Three years after ESA’s Galileo prototype GIOVE-B reached orbit, the passive hydrogen maser at its heart is still ticking away as the most precise atomic clock ever flown in space for navigation – that is, until the first Galileo satellites join it later this year.
Launched by Soyuz rocket from Baikonur in Kazakhstan on 27 April 2008, GIOVE-B was ESA’s second Galileo In-Orbit Validation Element satellite to fly. The first, GIOVE-A, made it to orbit on 28 December 2005.
The satellites had the same goals: secure the radio frequencies provisionally allocated to Europe’s Galileo satnav system by the International Telecommunications Union, gather data on the radiation environment of medium Earth orbit, and validate key Galileo payloads in orbit.
“GIOVE-B has now been in orbit for 36 months, nine months more than its nominal lifetime,” said Valter Alpe, overseeing GIOVE operations for ESA.
“Both satellites are still working well. GIOVE-A has reached 64 months in orbit. This longevity is partly due to an unusually mild solar cycle, but also reflects well on the operating margins built into their design.
“Most notably, GIOVE-B’s passive hydrogen maser – Europe’s main technological advance for Galileo – is still operating as precisely as planned. We haven’t experienced any real surprises. As a result, much the same design is being used for the operational Galileo satellites.”
GIOVE-B became the first navigation satellite to carry a passive hydrogen maser (PHM), accurate to one second in three million years, compared to an accuracy of three seconds in one million years for the smaller rubidium clocks first demonstrated on GIOVE-A. GIOVE-B also carries two rubidium clocks as back-up.
Operational Galileo satellites – starting with the first two In-Orbit Validation satellites due to launch this year by Soyuz from French Guiana – will carry two types of each clock, with the PHMs serving as the ‘master clock’.
The PHM’s resonating frequency at 1 420 405 752 Hz is essential to achieve the accuracy of Galileo services. A single nanosecond’s error means a ranging error of 30 cm.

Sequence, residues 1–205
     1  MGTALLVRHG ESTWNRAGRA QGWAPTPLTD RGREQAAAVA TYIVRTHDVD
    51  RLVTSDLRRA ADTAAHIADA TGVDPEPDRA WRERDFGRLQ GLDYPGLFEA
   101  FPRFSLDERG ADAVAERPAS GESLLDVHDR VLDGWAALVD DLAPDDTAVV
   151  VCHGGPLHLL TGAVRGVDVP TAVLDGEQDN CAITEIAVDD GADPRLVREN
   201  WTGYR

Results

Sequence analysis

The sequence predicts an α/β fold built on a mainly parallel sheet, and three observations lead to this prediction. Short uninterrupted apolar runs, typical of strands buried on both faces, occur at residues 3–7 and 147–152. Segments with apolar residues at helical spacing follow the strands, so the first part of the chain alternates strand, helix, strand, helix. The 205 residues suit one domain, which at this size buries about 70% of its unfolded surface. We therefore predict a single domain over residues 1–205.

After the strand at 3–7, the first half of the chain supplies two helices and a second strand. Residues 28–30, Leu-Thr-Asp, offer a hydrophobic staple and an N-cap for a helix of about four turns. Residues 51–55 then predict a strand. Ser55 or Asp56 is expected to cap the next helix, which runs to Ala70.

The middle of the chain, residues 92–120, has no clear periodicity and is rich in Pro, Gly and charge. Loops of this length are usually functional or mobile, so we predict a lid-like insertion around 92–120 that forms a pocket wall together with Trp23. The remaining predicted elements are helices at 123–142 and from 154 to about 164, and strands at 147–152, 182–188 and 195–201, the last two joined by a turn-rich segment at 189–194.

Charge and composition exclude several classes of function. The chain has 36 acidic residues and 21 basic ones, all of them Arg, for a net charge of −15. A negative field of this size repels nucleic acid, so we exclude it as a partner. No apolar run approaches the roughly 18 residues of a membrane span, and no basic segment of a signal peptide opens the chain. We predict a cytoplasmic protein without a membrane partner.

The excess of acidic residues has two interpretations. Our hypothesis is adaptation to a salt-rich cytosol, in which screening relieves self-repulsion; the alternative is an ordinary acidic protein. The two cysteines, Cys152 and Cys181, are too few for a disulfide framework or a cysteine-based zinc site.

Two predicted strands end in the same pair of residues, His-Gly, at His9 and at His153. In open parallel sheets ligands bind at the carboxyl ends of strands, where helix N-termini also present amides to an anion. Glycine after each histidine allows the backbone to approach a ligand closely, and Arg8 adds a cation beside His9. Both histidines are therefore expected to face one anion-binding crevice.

“At this level of accuracy, any changes in the surrounding environment could potentially affect the results,” said Valter.
“So GIOVE-B has been carefully designed to maintain constant conditions – most particularly any temperature variation is limited to less than one-tenth of one degree.”
This poses a particular challenge in Earth orbit, where the move from sunlight to shadow can plunge temperatures from +100° C to –150° C in an instant. GIOVE-B incorporates all standard thermal management tools, including multi-layer insulation, liquid-filled heat pipes that work like a closed-loop version of human sweat to transport away excess heat, radiators to dump it out into space and heaters to warm up areas that are getting too cold.
And the satellite itself also rotates on its axis as the Sun moves to keep the section of hull hosting the PHM in perpetual shadow.
Among GIOVE-B’s other firsts, the satellite has also been used to practise the ranging capabilities of the Galileo Telemetry and Telecommand Stations.
In the same way that a ground receiver uses the travel time of Galileo signals to calculate its position, sensor stations do the same in reverse, using signal delay to pinpoint the orbits of Galileo satellites above them.
“GIOVE-B has helped qualify the Galileo deployed ground segment for this tracking,” said Stefano Binda, Systems Performance Engineer for GIOVE.
“This capability is essential for the working of the Galileo system, as a means of predicting the spacecraft orbit and timely contacting of it to upload freshly-computed navigation correction messages.”